The real reason things won't change here is that Japanese workers are controlled in every aspect of their lives and the powers that be want to keep it that way.

9 ( +10 / -1 )

And pray tell why didnt you get the hang of getting your work done by noon when you went to the office?

Right, you waited until 5PM to start, so you could collect the overtime money, and make it look like you were busy!

uhhh...maybe it's because she had more meetings before? and she also had to talk to more people who are in the office and deal with small matters that popped up. not everyone craves to work overtime so they can look good, especially those with very young children. geeze...smgdfh.

7 ( +9 / -2 )

She has frequent email and chat interactions online but says for her, "it is hard to have conversations that are about nothing online." -

Exactly right. All those daft company meetings we have which go on for ever and achieve nothing!

16 ( +16 / -0 )

Let's hope some of these changes stick!

10 ( +10 / -0 )

The biggest thing I'm noticing is that people have no idea why they are wearing a mask.

People I had to speak to yesterday keep pulling the damn thing down when they speak.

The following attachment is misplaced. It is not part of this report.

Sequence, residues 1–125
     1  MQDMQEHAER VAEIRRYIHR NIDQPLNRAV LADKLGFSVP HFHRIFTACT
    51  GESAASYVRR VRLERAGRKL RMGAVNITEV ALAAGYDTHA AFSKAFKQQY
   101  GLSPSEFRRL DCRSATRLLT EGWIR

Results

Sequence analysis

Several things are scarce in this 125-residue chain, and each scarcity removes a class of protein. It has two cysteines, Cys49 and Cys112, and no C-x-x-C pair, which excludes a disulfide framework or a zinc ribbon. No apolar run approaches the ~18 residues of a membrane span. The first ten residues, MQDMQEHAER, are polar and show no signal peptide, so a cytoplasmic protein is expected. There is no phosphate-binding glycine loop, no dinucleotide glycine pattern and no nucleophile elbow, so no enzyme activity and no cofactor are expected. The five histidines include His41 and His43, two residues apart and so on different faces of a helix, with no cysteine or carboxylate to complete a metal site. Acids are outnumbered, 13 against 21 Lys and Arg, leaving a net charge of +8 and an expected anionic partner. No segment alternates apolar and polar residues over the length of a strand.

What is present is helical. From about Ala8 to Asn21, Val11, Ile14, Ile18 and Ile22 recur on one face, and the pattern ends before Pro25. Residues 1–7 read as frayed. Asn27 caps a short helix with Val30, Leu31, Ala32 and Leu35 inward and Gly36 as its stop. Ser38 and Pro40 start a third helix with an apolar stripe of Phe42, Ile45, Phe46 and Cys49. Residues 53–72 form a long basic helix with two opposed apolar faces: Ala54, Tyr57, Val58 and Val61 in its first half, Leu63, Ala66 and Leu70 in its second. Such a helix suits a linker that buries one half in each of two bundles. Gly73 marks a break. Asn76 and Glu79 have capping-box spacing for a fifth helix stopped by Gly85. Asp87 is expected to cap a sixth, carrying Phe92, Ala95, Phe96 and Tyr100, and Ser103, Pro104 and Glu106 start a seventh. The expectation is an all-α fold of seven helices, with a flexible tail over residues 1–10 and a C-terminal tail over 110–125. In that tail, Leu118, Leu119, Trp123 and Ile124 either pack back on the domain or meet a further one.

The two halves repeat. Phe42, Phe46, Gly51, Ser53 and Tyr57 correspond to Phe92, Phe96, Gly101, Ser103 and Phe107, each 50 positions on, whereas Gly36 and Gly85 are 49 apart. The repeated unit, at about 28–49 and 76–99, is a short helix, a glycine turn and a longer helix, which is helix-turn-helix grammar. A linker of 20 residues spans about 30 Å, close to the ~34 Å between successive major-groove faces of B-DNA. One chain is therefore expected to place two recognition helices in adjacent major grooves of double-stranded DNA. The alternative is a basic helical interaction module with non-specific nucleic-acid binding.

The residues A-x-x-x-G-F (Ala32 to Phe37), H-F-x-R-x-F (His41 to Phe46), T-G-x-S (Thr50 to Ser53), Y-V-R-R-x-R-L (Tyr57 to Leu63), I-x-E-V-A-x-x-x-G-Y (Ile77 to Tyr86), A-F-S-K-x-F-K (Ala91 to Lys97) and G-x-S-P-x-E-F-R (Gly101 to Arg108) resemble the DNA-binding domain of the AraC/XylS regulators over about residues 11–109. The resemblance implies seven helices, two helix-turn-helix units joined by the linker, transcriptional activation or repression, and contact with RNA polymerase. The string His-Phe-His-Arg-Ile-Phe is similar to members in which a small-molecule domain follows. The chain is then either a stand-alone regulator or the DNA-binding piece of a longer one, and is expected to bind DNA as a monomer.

LEAVE IT ON!

2 ( +6 / -4 )

going back to regular working ways since the lockdown was lifted in Aichi!

1 ( +2 / -1 )

uhhh...maybe it's because she had more meetings before? and she also had to talk to more people who are in the office and deal with small matters that popped up. not everyone craves to work overtime so they can look good, especially those with very young children. geeze...smgdfh.

Never worked in a Japanese company have you? No one "craves" overtime, but they all do it, for appearances and more importantly, at a company like NTT, the money!

Also its a part of the "group" mentality, cant leave work when everyone is still sitting at their desks, especially the boss!

7 ( +8 / -1 )

@Triumph

100% agree!

Every week, I have up to 20 meetings or more. But 90% of those meetings are compeletly meaningless! No conclusion, nothing! The only conclusion which is been made is to have another follow up meeting. Some of my coworkers are sleeping during these meetings.

90% of these meetings can be canceled, or at least you can do it from home via Telework.

But, the management wants me / us to attend the meeting personally.

For what reason I have to attend personally...I dont know.

7 ( +7 / -0 )

I wish the government force all companies to take the style.